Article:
Emmaüs - RoanneMably

Emmaus (Emmaüs in French) is a charity, founded in Paris in 1949 by the Roman Catholic priest of the Order of Capuchin Friars Minor (O.F.M.Cap.) known as Abbé Pierre (born Henri Marie Joseph Grouès) (Lyon 1912 - Paris 2007). Nowadays Emmaüs International is to be found all over the globe. One of their many worldwide outlets is situated close to where we live. Last Saturday, the 22nd of February, fellow ‘plaisanciers’ offered us a seat in their car, thus making it possible to visit this outlet. A large poster is hanging from the ceiling of the main building and depicts Abbé Pierre himself – some 22 years ago.

Unlike huge outlets like, say, IKEA, the Emmaus branches do not have a space where one can pick up paid goods from their magazine. No, no, no, Emmaus has a space where one can deliver surplus goods to them. Every item in this vast department is given to the Emmaus-charity for free which partly explains their low prices.

Outside one can find what one might call, with all due respect, the junkyard. If one needs an old bathtub for refreshing, say, donkeys in the meadow this is the place to buy one.

Looking for a secondhand bike, skies or ski-sticks? This is the place to go.

Of course the kids are not forgotten! A desire to make the apple of your eye toilet-trained while keeping him or her busy with a new piece of toy? It’s all there!

The main building is stuffed with more than one’s able to imagine. This picture gives an idea of what it looks like at first sight. Lots of stuff, lots of people alike.

Charming. A classy marriage can be made a reality here – for a nickel and a dime.

Lots of pianos too. Someone damaged the one in front by placing a drink or something on it without protection. A barbarian, no doubt.

Wardrobes are to be found in all models and types and sorts of wood. One of them offered us the opportunity to make our first ‘selfie’. We’ll try not to repeat that…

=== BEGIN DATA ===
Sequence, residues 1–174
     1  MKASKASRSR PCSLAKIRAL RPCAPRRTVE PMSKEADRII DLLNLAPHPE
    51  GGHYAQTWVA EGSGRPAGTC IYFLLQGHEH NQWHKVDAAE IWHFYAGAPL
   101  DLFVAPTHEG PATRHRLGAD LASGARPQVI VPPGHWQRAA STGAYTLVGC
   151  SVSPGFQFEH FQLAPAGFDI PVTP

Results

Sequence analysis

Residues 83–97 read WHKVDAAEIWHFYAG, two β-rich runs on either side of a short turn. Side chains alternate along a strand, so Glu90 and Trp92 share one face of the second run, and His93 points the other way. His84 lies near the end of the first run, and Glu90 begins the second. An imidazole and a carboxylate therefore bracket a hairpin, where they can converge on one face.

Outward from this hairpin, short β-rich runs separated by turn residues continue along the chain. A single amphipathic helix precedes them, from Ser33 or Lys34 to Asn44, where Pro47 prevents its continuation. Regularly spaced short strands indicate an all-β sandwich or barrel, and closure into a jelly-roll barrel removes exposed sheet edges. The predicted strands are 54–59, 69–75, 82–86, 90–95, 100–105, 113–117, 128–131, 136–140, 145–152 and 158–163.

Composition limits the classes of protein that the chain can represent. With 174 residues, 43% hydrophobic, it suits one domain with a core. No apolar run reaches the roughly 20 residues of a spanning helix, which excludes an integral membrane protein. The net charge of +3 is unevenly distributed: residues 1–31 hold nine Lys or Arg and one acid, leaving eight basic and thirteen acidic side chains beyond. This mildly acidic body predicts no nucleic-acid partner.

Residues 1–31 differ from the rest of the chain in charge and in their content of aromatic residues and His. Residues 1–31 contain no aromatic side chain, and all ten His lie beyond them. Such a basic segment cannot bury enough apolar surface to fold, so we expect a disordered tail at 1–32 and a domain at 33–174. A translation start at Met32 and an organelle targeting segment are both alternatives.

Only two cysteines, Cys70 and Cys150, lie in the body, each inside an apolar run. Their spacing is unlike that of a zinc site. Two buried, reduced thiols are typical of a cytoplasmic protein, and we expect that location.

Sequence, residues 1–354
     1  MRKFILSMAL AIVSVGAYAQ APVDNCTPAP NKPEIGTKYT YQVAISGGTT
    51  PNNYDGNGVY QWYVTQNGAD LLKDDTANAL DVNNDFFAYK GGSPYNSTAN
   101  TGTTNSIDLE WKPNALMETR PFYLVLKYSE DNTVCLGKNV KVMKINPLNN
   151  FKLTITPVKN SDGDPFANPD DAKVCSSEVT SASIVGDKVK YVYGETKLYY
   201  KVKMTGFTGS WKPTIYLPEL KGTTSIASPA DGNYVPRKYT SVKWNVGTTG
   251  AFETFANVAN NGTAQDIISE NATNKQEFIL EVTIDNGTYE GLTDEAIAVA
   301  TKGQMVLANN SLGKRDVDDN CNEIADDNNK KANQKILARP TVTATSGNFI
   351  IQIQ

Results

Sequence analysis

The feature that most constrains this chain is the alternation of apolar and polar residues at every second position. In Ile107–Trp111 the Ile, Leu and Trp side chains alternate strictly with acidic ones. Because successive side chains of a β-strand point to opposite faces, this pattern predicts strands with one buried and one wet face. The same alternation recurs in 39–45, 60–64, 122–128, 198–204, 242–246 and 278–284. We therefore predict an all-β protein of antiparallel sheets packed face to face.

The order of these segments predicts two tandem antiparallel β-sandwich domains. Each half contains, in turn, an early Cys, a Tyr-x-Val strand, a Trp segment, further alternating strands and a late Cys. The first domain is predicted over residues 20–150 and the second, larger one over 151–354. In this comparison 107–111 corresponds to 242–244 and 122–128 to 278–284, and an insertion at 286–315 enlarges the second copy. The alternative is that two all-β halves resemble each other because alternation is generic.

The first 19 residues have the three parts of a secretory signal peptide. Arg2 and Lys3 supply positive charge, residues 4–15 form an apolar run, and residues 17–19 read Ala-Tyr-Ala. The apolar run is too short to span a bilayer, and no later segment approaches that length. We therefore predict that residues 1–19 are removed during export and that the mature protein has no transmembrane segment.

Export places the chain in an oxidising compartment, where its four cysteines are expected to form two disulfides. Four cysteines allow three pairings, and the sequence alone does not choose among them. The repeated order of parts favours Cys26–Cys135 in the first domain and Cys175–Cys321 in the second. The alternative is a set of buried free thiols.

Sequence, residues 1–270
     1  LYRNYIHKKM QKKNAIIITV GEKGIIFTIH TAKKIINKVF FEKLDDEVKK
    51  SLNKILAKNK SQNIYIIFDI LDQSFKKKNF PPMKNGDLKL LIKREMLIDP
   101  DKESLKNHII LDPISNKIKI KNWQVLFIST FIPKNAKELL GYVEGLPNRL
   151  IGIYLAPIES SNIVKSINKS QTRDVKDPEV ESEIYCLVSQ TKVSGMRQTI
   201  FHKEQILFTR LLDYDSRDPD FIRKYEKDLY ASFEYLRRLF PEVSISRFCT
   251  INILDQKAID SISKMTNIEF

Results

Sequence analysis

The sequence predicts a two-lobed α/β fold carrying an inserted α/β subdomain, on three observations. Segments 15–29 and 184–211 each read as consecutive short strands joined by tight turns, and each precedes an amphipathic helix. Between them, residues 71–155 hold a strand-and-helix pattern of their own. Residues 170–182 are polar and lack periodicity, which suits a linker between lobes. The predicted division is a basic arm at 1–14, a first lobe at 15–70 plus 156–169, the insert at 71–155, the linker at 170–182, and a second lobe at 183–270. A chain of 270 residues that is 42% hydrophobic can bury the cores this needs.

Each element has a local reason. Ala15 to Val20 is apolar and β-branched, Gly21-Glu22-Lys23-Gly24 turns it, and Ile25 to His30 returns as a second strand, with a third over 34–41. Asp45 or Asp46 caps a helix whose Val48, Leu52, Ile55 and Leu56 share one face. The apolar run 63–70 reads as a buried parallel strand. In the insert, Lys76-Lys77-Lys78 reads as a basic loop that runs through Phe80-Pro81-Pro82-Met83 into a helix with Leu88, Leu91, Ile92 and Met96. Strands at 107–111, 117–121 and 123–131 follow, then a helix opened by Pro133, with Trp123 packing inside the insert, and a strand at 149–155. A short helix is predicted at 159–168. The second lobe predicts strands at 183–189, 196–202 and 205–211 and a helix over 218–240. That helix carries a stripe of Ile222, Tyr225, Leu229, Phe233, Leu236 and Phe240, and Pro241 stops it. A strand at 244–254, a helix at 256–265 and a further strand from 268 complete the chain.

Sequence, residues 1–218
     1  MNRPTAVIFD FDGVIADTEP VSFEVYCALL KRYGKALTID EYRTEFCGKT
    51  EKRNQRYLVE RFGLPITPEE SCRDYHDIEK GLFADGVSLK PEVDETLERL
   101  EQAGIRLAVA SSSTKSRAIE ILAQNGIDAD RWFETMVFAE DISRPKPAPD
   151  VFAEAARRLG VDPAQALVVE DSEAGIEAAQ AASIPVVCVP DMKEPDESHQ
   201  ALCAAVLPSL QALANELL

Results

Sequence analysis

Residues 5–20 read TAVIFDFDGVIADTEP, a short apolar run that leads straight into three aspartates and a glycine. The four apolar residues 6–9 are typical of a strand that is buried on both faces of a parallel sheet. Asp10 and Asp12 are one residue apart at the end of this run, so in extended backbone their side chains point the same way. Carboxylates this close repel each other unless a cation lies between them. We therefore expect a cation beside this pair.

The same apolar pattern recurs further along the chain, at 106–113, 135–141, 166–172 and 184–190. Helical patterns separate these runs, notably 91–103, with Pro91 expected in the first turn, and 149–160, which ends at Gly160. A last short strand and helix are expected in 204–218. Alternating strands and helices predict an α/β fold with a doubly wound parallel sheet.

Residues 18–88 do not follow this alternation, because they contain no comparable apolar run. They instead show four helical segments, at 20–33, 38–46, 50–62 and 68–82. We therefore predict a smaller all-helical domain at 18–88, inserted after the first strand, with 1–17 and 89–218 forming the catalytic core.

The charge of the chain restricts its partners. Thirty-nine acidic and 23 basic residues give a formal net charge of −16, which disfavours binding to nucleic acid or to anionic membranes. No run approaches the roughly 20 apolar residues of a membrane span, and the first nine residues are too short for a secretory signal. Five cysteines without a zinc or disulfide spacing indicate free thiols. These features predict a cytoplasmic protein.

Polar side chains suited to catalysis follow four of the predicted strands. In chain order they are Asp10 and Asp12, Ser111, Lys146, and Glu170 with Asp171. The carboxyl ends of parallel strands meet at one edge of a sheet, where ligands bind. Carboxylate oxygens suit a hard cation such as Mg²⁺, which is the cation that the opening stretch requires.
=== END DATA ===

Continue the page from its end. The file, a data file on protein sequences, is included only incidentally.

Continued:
Just picture-frames. Because there are so many it must be a popular article. We honestly would never have thought of that. Should we practice even more recycling than we already try to?

The flowers inside this vase are as artificial as the ones on the outside. It did make, though, for a charming, colourful combination.

This composition was simply too striking not to be photographed. If it’s, for various reasons, simply impossible to buy it at least make a picture of it. We did.

The last part –in a separate part inside the huge shed, with its own entrance as well as exit- is the antique-department. You’ll get an idea of what it looks like by this picture.

Coming from the country of water, dikes, mills, tulips and clogs our eyes were caught by this small collection of French clogs. The discerning French prove to be very thoughtful as users with delicate upper feet are protected by a peace of leather instead of being tortured by the unforgiving wood! We definitely know by own experience.

This might be the kind of vase people show in television-programs like The Antiques Roadshow (in The Netherlands ‘Tussen Kunst en Kitsch’). We have to admit that it has happened that, when watching the program, we said to each other: ‘we’d have thrown it away already ages ago’, and that it appeared to be worth £ 30,000.00 or so. Oops!

We consider this one a thousand percent hideous. Even when it resembles one’s own dog (why have a dog like this one in the first place?). Having said that, see the text with the previous picture.

Charles de Gaulle – we think. And we now notice there’s more visible here than we realized when concentrating on perpetuating this display. Next week we’ll go again…

When remembering the sound of the typewriter, even more so the bakelite records (Columbia Records, ‘Le Voix De Son Maître’ (HMV)) some nostalgic feelings were stirred up… (Even our favourite flagship HMV store in Oxford Street, London, seems to have gone.)

We are able –at least we think we are- to determine that we see here copies of original masterpieces or well-meant creations of fairly good amateurs...

…but here we possibly see an original Hendrik Avercamp (1585-1634), called ‘Winterlandschap met schaatsers’ (‘Winter landscape with scaters’. ‘Paysage d’hiver’.). On second thought, no, the original one is on display in the world famous Rijksmuseum in Amsterdam. So no buying, no visit to The Antiques Roadshow. This time, that is. We keep looking for unexpected fortune!

La Loire on Sunday the 23rd of February 2014. Still pretty fast but lower than last week. Spring is in the air… A bientôt.